Transobturator Sling Procedure: Getting the Right Support
Stress incontinence, a type of urinary incontinence mainly caused by activities including heavy lifting, laughter, exercise, sneezing, and coughing is one of the most common urogynecological conditions that women face. And while it may seem as though it’s simply a part of life that must be endured, stress incontinence can actually be treated through a number of techniques including lifestyle changes, pelvic floor physical therapy, medications, or the implantation of a supportive sling during a surgery called transobturator sling procedure.
Mesh Slings Uses
Mesh slings have been used as a method of treatment for urogynecological disorders including pelvic organ prolapse, providing physical support for the prolapsed organ so it can function more properly and improve the patient’s overall health. In cases of prolapsed bladder, the mesh slings were originally passed behind the pubic bone during retropubic sling procedures; but because of the risk of bowel or bladder injuries caused by such an approach, the transobturator sling procedure was developed, reducing the angle of the sling placement by passing it through obturator canals, which are natural canals on each side of the pubic bone.
Under the specialized care of a urogynecologist or at an incontinence clinic, patients can be properly advised on the efficacy of the implantation of a mesh sling such as a bladder sling or urethral sling for their particular condition; and at Coyle Institute, we can provide our clients with that particular expertise. With their years of practice in female pelvic medicine and reconstructive surgery, Dr. Michael Coyle specializes in performing the transobturator sling procedure and can offer patients peace of mind in knowing that their health is being given the highest level of care.
At Coyle Institute, when we perform a transobturator sling procedure to treat stress incontinence, we use the Altis® sling, which is a permanent mesh sling composed of synthetic materials implanted specifically to provide support to the urethra, a thin tube that conveys urine from the bladder and out of the body. Once the sling is implanted, patients are able to control their bladder, reducing the occurrence of stress incontinence and providing them with permanent relief that they might have once considered impossible. Over the course of time, the body will naturally grow tissue at the implantation site, which is crucial to proper healing as well as the long-term success of the sling in its ability to provide support and stay in place.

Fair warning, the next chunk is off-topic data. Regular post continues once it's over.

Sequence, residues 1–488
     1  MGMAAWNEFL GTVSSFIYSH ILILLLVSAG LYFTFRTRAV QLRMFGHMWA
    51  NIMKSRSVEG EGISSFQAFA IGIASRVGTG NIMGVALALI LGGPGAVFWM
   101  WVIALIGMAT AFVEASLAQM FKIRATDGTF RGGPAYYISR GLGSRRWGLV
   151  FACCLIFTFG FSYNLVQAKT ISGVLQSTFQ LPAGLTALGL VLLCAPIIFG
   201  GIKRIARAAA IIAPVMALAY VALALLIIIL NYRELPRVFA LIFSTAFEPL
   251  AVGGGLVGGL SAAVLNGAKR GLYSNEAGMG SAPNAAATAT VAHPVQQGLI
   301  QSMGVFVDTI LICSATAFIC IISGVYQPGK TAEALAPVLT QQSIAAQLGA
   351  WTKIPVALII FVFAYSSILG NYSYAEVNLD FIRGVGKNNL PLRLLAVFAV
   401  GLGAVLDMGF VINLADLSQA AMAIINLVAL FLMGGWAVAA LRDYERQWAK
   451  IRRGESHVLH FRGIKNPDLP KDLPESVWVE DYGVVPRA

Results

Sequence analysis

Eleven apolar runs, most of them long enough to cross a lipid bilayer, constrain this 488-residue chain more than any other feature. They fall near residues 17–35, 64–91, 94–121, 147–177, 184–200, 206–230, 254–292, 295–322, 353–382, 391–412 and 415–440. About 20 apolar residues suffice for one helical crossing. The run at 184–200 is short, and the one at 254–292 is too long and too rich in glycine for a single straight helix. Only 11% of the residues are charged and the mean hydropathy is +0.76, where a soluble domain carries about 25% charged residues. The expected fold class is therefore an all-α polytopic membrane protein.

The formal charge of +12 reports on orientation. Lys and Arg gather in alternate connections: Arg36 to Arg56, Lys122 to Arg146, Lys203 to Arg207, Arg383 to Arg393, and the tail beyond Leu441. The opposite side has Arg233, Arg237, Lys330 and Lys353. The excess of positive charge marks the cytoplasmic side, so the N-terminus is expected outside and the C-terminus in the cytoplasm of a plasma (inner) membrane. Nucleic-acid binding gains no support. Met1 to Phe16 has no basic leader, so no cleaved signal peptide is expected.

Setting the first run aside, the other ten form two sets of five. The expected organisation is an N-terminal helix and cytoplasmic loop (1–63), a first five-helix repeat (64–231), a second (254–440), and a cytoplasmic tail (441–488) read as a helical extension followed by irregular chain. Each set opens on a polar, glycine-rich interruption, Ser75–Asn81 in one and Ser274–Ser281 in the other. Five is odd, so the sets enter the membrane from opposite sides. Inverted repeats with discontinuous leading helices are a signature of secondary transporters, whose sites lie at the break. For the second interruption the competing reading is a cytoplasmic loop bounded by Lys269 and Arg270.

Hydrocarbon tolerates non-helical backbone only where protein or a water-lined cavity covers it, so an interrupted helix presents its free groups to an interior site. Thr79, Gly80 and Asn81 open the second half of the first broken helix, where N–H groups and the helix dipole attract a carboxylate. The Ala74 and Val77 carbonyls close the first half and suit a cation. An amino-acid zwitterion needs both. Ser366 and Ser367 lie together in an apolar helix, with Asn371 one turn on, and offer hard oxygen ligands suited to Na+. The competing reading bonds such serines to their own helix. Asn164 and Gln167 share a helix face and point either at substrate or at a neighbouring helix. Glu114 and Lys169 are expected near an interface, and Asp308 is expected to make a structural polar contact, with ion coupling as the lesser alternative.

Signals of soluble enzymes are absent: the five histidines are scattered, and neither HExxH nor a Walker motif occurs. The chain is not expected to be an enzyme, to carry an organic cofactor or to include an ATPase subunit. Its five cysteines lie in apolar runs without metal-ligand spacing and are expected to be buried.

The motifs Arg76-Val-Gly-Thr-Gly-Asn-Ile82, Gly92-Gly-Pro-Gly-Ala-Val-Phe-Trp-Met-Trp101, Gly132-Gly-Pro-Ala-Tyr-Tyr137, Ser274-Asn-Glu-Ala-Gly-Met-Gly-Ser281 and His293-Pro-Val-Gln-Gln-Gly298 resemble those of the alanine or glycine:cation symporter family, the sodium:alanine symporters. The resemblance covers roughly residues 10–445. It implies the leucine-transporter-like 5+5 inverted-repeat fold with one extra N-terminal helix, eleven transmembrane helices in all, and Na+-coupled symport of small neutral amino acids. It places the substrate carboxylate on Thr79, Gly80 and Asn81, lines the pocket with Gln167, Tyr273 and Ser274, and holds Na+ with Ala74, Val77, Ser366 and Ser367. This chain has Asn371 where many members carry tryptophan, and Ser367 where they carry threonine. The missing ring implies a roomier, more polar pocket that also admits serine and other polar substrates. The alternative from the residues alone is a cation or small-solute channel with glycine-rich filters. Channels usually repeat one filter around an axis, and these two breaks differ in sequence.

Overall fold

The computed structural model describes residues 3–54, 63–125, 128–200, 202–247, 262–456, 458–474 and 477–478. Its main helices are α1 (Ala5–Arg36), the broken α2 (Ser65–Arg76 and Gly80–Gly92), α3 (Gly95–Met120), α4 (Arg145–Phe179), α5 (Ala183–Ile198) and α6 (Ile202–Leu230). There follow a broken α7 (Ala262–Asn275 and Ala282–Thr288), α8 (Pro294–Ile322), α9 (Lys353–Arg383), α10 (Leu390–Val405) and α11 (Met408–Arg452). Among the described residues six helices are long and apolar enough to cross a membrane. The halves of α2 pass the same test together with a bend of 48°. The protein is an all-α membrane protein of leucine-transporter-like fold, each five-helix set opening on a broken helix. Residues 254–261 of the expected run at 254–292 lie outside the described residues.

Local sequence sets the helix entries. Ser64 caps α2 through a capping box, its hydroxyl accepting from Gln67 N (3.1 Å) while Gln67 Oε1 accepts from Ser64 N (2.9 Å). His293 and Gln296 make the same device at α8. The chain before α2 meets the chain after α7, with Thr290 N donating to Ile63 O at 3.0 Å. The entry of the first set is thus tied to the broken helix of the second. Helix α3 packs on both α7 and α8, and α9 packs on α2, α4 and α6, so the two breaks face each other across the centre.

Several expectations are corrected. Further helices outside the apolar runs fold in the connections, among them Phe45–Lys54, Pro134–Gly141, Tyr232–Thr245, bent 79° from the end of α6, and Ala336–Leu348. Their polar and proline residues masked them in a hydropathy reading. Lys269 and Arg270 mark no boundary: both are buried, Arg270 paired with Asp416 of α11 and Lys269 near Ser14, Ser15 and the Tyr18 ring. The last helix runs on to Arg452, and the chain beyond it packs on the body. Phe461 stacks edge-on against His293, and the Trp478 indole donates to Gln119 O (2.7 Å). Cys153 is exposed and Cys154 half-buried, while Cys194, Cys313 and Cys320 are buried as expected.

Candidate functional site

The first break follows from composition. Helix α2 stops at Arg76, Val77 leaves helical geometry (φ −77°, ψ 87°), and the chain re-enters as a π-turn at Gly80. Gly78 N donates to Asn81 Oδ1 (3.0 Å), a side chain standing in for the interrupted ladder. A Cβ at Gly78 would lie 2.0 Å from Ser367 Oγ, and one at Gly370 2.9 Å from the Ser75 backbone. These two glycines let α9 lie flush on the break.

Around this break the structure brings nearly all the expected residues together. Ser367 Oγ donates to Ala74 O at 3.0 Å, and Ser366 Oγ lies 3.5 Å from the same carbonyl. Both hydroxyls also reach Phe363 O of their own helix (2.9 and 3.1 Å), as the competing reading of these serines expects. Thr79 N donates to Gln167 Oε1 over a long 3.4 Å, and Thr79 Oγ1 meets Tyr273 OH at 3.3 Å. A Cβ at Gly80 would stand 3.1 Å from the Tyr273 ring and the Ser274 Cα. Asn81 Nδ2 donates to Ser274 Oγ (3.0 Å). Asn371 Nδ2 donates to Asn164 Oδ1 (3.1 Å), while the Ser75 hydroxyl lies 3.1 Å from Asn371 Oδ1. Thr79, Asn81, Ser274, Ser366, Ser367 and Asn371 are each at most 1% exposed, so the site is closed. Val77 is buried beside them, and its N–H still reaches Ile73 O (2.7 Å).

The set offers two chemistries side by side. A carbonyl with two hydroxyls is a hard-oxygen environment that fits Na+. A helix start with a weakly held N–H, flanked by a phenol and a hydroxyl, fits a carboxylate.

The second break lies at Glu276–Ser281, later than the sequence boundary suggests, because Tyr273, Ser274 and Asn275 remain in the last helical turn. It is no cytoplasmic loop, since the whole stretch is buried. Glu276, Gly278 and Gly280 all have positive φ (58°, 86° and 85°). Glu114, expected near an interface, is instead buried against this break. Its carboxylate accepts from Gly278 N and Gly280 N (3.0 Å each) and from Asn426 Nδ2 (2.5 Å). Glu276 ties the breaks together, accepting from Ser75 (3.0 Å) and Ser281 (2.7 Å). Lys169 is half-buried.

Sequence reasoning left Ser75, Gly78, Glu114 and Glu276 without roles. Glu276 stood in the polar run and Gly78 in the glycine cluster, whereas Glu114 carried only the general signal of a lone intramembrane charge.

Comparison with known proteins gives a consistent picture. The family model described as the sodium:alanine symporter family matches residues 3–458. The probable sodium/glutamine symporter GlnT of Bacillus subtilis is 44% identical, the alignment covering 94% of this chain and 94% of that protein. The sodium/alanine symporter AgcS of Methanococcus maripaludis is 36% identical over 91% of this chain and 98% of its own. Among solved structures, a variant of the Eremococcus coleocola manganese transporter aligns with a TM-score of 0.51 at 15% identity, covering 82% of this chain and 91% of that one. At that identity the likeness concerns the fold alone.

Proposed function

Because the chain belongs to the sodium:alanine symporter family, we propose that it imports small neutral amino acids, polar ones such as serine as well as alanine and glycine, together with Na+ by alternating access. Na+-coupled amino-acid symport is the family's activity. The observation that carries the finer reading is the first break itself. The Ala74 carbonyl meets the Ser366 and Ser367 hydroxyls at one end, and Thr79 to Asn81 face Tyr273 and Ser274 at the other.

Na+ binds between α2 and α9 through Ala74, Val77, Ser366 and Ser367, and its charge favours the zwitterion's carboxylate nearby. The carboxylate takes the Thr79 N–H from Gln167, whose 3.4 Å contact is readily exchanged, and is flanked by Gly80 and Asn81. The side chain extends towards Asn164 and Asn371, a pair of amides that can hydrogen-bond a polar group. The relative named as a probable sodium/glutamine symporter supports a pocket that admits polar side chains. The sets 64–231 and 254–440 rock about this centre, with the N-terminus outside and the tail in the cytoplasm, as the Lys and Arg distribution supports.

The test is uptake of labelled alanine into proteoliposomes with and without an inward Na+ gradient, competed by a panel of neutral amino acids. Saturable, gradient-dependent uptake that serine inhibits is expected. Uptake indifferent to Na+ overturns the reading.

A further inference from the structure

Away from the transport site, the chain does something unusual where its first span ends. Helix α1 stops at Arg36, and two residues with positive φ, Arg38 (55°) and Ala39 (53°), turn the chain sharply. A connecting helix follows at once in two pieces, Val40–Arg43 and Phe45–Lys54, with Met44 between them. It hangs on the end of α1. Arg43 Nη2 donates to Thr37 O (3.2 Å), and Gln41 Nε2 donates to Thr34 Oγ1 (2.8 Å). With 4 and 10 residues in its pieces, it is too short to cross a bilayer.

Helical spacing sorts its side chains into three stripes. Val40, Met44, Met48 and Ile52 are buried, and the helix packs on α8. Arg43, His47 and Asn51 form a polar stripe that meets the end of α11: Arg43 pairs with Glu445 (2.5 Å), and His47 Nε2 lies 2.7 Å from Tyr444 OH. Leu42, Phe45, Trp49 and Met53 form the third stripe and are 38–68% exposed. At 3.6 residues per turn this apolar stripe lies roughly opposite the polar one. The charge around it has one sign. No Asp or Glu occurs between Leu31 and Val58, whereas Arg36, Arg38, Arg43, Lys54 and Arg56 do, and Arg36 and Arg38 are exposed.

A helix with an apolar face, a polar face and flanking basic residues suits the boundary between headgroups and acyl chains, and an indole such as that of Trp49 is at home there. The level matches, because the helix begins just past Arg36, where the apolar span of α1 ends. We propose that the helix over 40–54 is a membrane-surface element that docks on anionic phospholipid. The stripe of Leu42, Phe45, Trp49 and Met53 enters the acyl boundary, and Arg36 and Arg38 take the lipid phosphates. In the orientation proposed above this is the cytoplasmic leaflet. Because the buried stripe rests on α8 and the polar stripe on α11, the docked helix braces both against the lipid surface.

All medical procedures come at a risk, though the transobturator sling procedure generally causes fewer mesh complications than the retropubic approach. Such complications may include neurological problems including weakness or numbness in the legs. Overall, however, the use of medical mesh slings to treat pelvic organ prolapse and provide relief from stress incontinence has been successful and extremely beneficial to the patient; and because of that, we feel confident in offering this procedure to the women in our care.
No woman should feel that she has no control when it comes to matters of her health; and while incontinence is a sensitive matter that often causes embarrassment as well as limitations on normal life, the team at Coyle Institute is dedicated to giving the women in our care the emotional support they need as they seek out advice in regaining control.
Don’t face your health concerns alone! Call the supportive team at Coyle Institute a call today!